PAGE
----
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In 3ds Max 2011 Essential Training, author Aaron F. Ross demonstrates how to use this top-tier application for digital content creation, widely used in diverse industries such as architecture, industrial design, motion pictures, games and virtual worlds. This course covers modeling with polygons, curves, and subdivision surfaces, defining surface properties with materials and maps, setting up cameras and lights, animating objects, and final output rendering. Exercise files accompany the course.
Procedural Maps do have advantages: They are resolution independent, and they don't require any external files. However, they have serious disadvantages. For example, you can't just put a picture of a person's face using a Procedural Map. So for that you need to have an external file. So a TIFF file or JPEG or PNG file, that can be applied onto a surface. So I am going to do that now. I have still got my backdropMaterial active. I am looking at the Cellular parameters now.
I can click on the button that says Cellular and reassign that Map to be a different type. So in the Material Map browser, I have got Bitmap at the very top. So I will double-click on that. And as soon as I do, I get a list of available images. And you will see where it's referencing these images from. It's my current project, which is Exercise Files, and then sceneassets\images.
So this is the default location of images that are applied to Materials. You will also notice here that there is a field here that says, Files of type, and it says JPEG File currently. Well, this is a bit deceptive, because it's actually masking out all other files, and it's only displaying JPEG images. So this is one that's going to kind of bite you a little bit if you are not careful. Usually you want it to say All Formats, so that we can see that there are additionally other files in there besides JPEGs.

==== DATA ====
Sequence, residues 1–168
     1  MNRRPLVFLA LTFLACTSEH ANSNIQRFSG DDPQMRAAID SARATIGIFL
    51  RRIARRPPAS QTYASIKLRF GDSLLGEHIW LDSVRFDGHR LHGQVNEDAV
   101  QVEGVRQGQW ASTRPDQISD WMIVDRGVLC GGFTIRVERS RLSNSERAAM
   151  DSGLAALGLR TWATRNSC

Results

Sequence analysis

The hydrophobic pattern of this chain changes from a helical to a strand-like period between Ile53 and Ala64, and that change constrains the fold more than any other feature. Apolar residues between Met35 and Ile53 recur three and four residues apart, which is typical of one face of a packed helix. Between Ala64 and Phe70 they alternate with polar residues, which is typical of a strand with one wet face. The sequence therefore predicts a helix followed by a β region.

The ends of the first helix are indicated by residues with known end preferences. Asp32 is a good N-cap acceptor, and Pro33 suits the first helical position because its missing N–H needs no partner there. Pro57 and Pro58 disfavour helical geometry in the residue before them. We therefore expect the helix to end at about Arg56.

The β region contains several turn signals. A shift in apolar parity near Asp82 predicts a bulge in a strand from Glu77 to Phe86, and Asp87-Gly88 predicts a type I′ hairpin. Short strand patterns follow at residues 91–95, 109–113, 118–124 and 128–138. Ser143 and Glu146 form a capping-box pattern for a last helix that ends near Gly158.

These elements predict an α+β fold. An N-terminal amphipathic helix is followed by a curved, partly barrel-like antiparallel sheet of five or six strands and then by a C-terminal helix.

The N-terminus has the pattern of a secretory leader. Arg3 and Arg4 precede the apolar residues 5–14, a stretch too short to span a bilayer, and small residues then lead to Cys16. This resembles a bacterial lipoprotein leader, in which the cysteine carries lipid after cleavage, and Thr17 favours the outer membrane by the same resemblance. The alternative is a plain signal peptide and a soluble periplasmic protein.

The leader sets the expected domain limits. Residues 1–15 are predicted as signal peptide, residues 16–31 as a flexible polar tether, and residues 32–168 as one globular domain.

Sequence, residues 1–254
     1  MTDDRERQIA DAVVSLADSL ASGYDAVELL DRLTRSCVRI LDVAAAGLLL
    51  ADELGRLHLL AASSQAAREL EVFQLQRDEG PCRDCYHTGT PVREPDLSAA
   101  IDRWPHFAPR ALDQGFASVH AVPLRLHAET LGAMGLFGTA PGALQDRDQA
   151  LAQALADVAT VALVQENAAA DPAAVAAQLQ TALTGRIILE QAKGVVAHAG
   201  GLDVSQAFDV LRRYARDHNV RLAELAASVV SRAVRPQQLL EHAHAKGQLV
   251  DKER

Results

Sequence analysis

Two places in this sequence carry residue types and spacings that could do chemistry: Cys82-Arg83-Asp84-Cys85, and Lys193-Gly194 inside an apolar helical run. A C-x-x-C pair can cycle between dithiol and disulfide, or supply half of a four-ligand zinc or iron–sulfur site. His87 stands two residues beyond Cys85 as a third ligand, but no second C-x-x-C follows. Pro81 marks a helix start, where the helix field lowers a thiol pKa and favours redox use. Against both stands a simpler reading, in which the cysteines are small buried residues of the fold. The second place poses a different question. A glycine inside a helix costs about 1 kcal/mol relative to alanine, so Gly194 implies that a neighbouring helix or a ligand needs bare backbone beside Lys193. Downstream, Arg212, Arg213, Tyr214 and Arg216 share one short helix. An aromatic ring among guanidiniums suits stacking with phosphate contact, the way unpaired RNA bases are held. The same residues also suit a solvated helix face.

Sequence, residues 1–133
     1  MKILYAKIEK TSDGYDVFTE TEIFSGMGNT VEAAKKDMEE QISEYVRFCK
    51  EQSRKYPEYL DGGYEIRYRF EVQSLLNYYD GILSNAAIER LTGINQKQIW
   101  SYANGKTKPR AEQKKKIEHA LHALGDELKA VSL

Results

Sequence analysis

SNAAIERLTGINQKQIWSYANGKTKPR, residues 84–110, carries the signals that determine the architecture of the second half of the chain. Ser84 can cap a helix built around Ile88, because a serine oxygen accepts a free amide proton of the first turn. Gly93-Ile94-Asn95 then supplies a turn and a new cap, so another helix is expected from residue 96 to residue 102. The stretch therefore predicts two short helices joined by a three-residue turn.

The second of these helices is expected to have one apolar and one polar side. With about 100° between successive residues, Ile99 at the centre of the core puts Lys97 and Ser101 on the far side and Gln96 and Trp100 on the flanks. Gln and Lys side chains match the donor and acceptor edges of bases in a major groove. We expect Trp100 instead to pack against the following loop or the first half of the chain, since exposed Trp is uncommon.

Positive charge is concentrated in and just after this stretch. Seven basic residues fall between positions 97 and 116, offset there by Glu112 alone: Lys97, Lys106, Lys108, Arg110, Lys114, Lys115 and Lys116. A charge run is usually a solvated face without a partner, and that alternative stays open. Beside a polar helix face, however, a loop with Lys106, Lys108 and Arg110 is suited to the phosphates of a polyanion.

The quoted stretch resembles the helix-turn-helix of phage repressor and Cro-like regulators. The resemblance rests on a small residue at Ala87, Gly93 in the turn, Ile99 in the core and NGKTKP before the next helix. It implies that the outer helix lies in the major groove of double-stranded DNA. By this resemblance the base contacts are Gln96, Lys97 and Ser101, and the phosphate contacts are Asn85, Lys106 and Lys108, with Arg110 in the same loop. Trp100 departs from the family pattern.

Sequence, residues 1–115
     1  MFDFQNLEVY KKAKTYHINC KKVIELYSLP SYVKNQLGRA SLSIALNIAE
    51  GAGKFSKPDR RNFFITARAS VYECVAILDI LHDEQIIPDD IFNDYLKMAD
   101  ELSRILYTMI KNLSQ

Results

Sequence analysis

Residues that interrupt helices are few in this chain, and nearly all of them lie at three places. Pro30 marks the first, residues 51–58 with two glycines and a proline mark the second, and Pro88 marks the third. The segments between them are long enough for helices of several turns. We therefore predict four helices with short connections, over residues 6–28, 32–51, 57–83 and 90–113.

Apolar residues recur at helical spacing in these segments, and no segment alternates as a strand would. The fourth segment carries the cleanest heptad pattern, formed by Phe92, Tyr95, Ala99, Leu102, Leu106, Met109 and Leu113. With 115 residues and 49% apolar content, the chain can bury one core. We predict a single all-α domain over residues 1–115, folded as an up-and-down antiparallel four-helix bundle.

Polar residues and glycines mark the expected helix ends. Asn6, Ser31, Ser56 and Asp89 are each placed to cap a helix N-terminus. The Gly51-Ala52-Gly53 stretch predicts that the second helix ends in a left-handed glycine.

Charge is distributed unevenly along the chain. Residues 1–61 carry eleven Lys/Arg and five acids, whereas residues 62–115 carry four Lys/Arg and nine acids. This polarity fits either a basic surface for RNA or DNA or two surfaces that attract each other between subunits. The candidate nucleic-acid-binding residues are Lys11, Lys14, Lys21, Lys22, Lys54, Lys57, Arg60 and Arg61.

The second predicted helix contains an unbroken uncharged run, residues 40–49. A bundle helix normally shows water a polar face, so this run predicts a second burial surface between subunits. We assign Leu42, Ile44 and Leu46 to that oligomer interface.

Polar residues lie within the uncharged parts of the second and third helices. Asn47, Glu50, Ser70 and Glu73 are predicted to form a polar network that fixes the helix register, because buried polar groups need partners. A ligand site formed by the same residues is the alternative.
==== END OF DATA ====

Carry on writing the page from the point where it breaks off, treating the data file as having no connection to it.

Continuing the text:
This one happens to be a PNG. So that's just an issue with the interface, that it kind of remembers the last file that you chose and masks off everything else. So you want to make sure that you choose All Formats, so you will see what's really in that folder. I click Open and once again, I want to click Show Standard Map in Viewport, so we can see it, and now I have got that Map applied to the backdrop. One more thing about these. You need to make sure that before you have done this that you have placed the images in that special folder in your project, which is sceneassets\images.
So I have got a folder view here that we can see. Here it is: Exercise Files\sceneassets\images, and these are the two images that I have placed in there. You need to place those images in this folder before you create the Material. That's very important, because you want to make sure that the path is recorded correctly, so that the next time you open this scene, 3ds Max will know where to go to look. One thing you never do is navigate on your hard drive and look to find a file that's in some random location, because what's going to happen then is that, inevitably the link is going to get broken.
As long as you keep everything within the project folder, and as long as you use the folders that are provided for you, then you should be fine. And every time you open your scene, hopefully you won't get any error messages saying that your Bitmaps are not found. One more thing that you need to remember about this is that there is a Customize setting that impacts this particular behavior. So I want to go into Customize Preferences and show you that in the Files Tab, you will need to have this switch turned on, Convert local file paths to Relative.
That needs to be enabled, and again, this needs to be done before you create any Materials. And what this is going to do is, instead of recording the absolute path to the file, in other words, in Windows an absolute path starts with the C or a D or a drive letter, and it lists the entire folder path. That's an absolute path. But we don't want absolute paths. We want relative paths, so that we can actually move our projects around from computer to computer, or we can move our project to a different folder, and as long as everything is inside there, and we have got this switch turned on, and we have kept all our ducks in a row, then we won't have any unpleasant surprises with missing files.
This is the number one problem that people have in 3ds Max is that they will open a scene file, and then their textures or their Maps are all missing, and it's because they didn't follow these proper procedures. So in review, once again, in your Preferences, you must have Convert local file path to Relative enabled. And that's not the default, by the way, so you need to turn that on. You will need to place all of your images into sceneassets\images in the current project. And then and only then will it be safe for you to add a Bitmap to a Material.
And you can see here under Bitmap, it says sceneassets\images\leopard_print.jpg. This is a relative path. It doesn't include a drive letter, and it doesn't indicate specifically where the file is on my hard drive. It's only relative to the project folder's root. So again, I could move that project to somewhere else, and as long as I maintain the files inside the sceneassets\images images folder, then I shouldn't have any trouble.
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